Next to this display there was a movie running with Benjamin B. Ferencz addressing Swiss law students on the history of the ICC. Ferencz is a very personable, compelling speaker. I found it quite upsetting to be at this place and be the citizen of a country which refuses visas to ICC judges.
Ferencz mentioned in his lecture that he thought the mass rapes in the Balkans were instrumental in prompting the establishment of the ICC. I was reading Rebecca West’s book on Yugoslavia when I visited last year. I found it strange to see Kästner here. I stood and looked at him for a while.
It’s difficult to see Cronkite and not think of Vietnam. One wonders what memories surfaced for him when night after night he announced body counts and protective reaction strikes.
Den Opfern der Kriege
1914 bis 1918 + 1939 bis 1945
und der Gewaltherrschaft
1933 bis 1945
These inscriptions strike me sometimes as perverse. What I’ve been noticing in addition, and more interestingly, is that the dates 1933 and 1945 which were so blindingly obvious and made so much sense the majority of my life have in the last couple years diminished in significance.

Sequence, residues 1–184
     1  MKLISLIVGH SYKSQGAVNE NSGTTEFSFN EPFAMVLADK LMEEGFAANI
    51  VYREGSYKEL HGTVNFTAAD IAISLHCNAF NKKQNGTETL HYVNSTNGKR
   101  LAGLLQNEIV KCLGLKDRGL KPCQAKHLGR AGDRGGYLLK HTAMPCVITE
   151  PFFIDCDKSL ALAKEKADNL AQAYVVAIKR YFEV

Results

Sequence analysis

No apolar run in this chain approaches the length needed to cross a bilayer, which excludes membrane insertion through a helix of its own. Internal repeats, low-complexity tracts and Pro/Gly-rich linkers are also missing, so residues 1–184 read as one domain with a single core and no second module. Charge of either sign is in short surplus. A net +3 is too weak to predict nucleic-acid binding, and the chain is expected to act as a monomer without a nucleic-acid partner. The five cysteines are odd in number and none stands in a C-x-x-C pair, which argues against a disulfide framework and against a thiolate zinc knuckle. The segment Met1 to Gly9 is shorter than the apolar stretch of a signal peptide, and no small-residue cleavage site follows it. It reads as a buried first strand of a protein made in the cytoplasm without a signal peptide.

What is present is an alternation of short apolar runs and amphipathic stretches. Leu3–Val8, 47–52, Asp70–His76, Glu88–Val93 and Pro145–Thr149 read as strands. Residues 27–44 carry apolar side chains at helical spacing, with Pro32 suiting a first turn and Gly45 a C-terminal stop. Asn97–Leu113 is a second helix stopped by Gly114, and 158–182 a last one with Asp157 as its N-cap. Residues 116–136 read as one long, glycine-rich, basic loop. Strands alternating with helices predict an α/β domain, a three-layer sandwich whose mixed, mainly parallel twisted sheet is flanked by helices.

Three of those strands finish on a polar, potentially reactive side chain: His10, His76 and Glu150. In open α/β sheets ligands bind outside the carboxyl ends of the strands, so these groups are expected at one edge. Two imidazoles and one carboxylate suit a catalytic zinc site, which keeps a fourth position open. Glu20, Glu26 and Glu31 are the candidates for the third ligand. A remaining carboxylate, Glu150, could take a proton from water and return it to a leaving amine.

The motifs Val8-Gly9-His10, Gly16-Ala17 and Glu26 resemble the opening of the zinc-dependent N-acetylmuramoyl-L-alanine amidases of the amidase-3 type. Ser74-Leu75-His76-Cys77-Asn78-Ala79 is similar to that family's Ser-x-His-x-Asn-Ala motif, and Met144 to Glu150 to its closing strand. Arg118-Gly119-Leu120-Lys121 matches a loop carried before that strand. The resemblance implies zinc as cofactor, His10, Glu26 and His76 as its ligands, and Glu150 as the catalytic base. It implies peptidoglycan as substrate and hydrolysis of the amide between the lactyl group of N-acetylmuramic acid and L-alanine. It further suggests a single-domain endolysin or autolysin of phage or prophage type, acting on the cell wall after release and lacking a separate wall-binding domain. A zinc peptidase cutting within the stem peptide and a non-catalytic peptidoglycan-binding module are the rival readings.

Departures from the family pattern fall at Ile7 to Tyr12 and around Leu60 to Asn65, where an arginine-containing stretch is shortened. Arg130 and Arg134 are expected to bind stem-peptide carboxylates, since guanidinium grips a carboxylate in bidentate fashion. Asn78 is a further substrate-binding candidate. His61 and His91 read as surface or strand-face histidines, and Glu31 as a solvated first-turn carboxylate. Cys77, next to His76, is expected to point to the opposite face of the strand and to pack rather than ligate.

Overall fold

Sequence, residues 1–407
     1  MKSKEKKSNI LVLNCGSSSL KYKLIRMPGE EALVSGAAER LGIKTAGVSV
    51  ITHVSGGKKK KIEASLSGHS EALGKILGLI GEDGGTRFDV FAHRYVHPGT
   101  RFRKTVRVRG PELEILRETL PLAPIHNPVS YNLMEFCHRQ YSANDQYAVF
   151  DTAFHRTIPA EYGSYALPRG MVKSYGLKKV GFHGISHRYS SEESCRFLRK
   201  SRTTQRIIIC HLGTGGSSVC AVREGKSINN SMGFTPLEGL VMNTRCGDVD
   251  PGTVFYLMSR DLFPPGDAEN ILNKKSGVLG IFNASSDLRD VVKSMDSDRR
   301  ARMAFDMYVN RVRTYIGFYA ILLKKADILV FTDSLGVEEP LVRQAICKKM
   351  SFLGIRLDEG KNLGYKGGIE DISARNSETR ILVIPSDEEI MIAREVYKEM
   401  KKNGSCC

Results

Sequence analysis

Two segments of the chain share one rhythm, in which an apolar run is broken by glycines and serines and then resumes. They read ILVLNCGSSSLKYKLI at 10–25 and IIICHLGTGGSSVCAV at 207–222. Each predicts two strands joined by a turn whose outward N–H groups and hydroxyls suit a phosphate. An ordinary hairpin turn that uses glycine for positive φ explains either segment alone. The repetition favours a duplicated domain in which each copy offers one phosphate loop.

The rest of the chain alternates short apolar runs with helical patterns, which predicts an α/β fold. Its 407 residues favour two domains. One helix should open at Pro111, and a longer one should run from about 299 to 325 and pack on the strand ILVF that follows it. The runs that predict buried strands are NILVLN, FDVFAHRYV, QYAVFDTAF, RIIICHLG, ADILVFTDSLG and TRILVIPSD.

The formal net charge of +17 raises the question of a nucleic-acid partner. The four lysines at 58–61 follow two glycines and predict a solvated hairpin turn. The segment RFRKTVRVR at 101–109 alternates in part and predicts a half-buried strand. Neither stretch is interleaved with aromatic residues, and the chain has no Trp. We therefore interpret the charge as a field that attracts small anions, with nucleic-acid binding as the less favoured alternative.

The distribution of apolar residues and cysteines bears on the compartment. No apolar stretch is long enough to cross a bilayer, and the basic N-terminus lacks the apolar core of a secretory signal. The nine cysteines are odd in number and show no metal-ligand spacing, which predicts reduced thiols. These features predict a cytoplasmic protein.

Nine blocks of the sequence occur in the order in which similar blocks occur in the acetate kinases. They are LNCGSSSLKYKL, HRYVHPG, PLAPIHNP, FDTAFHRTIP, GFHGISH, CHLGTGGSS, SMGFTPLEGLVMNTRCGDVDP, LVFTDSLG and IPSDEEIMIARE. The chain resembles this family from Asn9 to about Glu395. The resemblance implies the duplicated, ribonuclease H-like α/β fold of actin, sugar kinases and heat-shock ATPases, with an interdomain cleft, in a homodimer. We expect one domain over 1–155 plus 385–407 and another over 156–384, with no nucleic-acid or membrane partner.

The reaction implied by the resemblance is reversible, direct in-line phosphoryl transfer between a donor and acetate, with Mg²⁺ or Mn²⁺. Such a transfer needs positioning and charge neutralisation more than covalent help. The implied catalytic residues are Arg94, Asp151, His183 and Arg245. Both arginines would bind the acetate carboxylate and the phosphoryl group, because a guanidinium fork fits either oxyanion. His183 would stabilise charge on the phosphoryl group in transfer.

Buses unload and tourists of various nationalities head in. Americans are loud as always and everywhere. The museum is carefully constructed with angles askew, giving the impression perhaps of visiting a ruin. It is an artful ruin, however. The advertising appears of a style which might as easily be used for any popular attraction, and listening to tourists one has the uneasy feeling that in a way that’s what this is: another popular attraction.
1994 was when the last Russian troops left Germany.
There is a dog show this morning. From the tribune where Nazi officials viewed Leni Riefenstal-filmed troop formations I can clearly hear down on the field an announcer calling the line-up of contestants. There is a constant barking of dogs, whistles of officials.
This is where Elisabeth von Dyck was killed.